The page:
Challenge to mandatory life-jacket bylaw doesn’t float

CALGARY — Two Calgarians think they have the right to decide whether to strap on a life-jacket for a lazy afternoon of floating down a shallow river.

CALGARY — Two Calgarians think they have the right to decide whether to strap on a life-jacket for a lazy afternoon of floating down a shallow river.

But a judge has ruled that idea doesn’t float.

Siblings Cory and Brittiany Latouche filed a constitutional challenge to a bylaw that says people must wear life-jackets at all times when they’re on a city waterway.

They started their fight after getting slapped with an automatic $500 fine for not wearing the flotation devices when drifting down the city’s slow-moving Elbow River last August.

“I think everyone’s responsible for themselves,” Brittiany said outside court.

“Yes, children and people who don’t know how to swim should be taking the extra precaution, but taking away people’s personal freedom and rights of what they’re allowed to do and what they’re not is kind of a big deal.”

The siblings argued that under the Constitution, only the federal government can make laws about waterways.

But Judge Judith Shriar ruled they failed to successfully argue that the city’s rule infringes on any of the federal government’s powers.

Federal laws stipulate only that life-jackets must be in the boat or raft, not that they must be worn. City lawyer Ola Malik said the bylaw complements that rule.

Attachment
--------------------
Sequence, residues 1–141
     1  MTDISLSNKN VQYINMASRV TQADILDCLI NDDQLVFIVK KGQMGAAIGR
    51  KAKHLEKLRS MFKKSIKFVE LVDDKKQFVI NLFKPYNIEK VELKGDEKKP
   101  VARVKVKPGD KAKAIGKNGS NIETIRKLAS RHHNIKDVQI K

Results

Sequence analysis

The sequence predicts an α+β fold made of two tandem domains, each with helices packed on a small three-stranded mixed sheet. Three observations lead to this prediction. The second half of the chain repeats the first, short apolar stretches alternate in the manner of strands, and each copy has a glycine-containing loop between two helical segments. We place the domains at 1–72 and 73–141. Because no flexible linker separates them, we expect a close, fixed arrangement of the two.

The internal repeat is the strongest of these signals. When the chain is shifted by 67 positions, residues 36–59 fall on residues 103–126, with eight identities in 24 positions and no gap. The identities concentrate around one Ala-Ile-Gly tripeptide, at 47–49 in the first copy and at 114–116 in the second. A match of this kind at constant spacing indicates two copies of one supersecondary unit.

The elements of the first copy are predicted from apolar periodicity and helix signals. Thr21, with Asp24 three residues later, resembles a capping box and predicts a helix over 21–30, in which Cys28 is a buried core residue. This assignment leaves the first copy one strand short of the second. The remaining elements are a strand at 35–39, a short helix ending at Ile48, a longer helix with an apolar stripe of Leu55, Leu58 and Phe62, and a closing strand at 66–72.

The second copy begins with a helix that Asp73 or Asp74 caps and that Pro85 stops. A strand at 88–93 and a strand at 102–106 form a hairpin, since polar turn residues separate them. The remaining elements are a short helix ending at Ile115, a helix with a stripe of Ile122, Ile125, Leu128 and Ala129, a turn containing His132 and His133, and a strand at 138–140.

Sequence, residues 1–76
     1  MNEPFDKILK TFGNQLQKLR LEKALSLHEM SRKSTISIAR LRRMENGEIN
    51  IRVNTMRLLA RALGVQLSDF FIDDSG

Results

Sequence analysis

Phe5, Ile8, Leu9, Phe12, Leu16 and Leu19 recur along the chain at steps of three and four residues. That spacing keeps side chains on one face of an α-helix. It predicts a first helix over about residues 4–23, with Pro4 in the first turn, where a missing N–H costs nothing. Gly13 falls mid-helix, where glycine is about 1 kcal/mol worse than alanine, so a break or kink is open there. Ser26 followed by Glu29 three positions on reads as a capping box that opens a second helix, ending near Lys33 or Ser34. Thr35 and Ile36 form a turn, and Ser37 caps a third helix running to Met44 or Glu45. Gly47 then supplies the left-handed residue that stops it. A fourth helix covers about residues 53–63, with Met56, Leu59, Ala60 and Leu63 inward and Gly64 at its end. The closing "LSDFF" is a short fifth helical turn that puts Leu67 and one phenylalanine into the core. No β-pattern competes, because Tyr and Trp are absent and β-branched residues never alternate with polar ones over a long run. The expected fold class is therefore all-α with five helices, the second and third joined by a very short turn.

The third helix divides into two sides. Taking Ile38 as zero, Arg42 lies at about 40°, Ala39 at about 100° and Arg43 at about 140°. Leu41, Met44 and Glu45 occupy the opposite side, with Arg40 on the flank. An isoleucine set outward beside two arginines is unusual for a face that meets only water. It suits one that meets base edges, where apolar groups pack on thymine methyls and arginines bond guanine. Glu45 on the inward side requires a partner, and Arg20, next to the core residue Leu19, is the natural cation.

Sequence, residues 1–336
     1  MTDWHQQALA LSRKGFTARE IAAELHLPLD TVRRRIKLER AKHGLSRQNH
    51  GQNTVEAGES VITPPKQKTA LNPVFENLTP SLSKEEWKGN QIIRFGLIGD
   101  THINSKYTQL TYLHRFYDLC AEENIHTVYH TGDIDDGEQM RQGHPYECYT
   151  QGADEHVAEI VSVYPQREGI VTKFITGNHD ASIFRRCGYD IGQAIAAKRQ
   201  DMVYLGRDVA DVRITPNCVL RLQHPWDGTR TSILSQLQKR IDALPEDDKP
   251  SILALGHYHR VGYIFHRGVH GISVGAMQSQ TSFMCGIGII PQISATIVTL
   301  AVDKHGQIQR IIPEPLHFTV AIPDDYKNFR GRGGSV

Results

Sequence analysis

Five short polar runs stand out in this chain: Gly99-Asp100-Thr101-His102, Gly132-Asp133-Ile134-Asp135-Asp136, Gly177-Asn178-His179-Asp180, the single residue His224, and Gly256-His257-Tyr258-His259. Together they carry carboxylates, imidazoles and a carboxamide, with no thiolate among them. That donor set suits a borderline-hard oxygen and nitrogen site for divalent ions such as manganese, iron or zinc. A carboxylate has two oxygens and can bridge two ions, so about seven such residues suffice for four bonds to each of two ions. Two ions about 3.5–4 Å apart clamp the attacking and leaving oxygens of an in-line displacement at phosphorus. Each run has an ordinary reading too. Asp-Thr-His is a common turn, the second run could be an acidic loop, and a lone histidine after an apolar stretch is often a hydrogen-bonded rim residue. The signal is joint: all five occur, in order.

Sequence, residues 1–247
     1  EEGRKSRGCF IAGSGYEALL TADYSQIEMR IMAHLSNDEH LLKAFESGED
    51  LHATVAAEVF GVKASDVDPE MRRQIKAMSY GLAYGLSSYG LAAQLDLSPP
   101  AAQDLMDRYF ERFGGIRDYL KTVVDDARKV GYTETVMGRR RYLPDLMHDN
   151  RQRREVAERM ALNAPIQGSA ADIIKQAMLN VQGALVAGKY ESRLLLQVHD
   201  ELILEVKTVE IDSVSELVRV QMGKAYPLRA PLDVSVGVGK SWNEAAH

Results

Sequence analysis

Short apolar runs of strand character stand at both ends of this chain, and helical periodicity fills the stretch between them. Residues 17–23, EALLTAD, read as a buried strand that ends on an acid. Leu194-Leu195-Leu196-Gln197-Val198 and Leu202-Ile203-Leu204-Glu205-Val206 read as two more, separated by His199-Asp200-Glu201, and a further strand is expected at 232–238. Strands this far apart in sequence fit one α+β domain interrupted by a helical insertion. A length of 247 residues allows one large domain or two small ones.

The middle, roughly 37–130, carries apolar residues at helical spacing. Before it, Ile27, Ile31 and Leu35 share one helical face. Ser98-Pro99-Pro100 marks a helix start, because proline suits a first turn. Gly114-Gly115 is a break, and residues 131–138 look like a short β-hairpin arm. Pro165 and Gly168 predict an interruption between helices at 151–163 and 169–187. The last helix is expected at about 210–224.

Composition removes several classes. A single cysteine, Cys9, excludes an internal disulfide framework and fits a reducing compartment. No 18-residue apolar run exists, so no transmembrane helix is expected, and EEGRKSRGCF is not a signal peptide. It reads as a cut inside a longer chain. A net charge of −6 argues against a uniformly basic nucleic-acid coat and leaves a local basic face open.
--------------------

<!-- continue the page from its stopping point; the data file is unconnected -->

“We’re protecting the lives and safety of those who engage in boating activities.”

River rafting is a popular Calgary pastime in the hot summer months. Rafts can be rented cheaply and many young people buy their own to turn into mobile partying pads along the city’s waterways.

Alcohol is forbidden, although many people openly flout that rule, with beer in coolers seen sitting in the middle of the rafts. People who live along the river have also complained about rowdy and disrespectful behaviour.

The siblings were floating on the more shallow part of the river, which is at times only inches deep. They pointed out it’s ridiculous to require life-jackets be worn in water where rafts need to be carried over bits so shallow they won’t float.

But Malik said there are still boating accidents and the occasional death.

“The reality is, people drink, they become intoxicated, people can drown in very shallow waters,” he said.

“We’re not only trying to protect those people who engage in those activities, but (police), fire, other bylaw officers who are going in to rescue these people.”

The Latouche siblings admitted that they didn’t even have life-jackets in the boat as required by federal law. They plan to appeal.

Cory said he’ll be back on the water this summer without a life-jacket. He said he might be open to paying for a rescue, if that ever became an issue.

“I took the risk of going down the river myself without a life-jacket. I know there’s consequences to my decisions.”